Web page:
According to previous experience, we took out the foreign body and flushed the operation area. According to the literature, if the integrity of the repair is in question, the right upper quadrant should be drained in anticipation of a duodenal fistula and a gastrostomy tube for drainage, and a jejunal feeding tube should be placed [29]. We used the four-tube method, including gastric tube, duodenal decompression tube, jejunal nutrition tube, and abdominal drainage tube. The duodenal decompression tube and the jejunal nutrition tube were placed proximally and distally at 15 cm and 25 cm from the ligament of flexion, and 2 drainage tubes were placed at the duodenal perforation. Common complications related to the repair of perforated duodenal diverticula have been reported to be duodenal fistula, intraabdominal abscess or sepsis-related complications, pancreatitis, and sustained wound infection. In the present case, the patient recovered smoothly without complications.

To summarize, it is difficult to choose a treatment plan for foreign bodies at the level of the duodenum, because it is difficult to judge the damage caused by the foreign body to the intestine and the positional relationship with the surrounding important organs. Conservative treatment or surgical treatment both have huge risks. The handling of this situation will extremely test the psychology, physical strength and professional experience of the surgeon.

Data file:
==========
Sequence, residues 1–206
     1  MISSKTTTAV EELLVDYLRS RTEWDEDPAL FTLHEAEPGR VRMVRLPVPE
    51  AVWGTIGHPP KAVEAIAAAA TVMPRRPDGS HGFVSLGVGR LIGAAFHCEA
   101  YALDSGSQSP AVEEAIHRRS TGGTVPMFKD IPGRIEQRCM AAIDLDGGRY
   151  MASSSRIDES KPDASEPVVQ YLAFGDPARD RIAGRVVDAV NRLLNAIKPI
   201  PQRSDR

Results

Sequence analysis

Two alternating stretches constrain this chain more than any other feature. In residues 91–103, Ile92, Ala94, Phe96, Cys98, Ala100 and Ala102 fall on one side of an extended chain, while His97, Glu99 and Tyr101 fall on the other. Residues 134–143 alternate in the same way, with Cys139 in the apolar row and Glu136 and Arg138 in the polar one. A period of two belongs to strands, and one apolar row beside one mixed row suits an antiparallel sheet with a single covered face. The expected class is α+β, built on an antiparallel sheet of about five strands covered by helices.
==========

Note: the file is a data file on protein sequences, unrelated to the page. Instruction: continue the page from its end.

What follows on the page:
Availability of data and materials

All data sets supporting the findings and inferences reported in this article are included within the article.

Abbreviations

CT:

Computed tomography

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Acknowledgements

We would like to thank the patient who consented to the publication of their cases in this paper.

Funding

This research was financially supported by the National Natural Science Foundation of China (Grant Nos. 81560404, 81860526).

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Contributions

RW, ZC, and KW carried out the surgical intervention; ZC and JH collected, analyzed, and interpreted patients’ data. RW drafted the manuscript. KW undertook a critical revision of the manuscript. All authors have read and approved the final version of the manuscript.

Corresponding author

Correspondence to Kunming Wen.

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the patients provided written informed consent for the publication of the case report and the accompanying images.

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Wang, R., He, J., Chen, Z. et al. Migration of fish bones into abdominal para‐aortic tissue from the duodenum after leading to duodenal perforation: a case report. BMC Gastroenterol 21, 82 (2021). https://doi.org/10.1186/s12876-021-01662-3

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Keywords

  • Fish bone
  • Foreign body
  • Duodenal perforation
  • Case report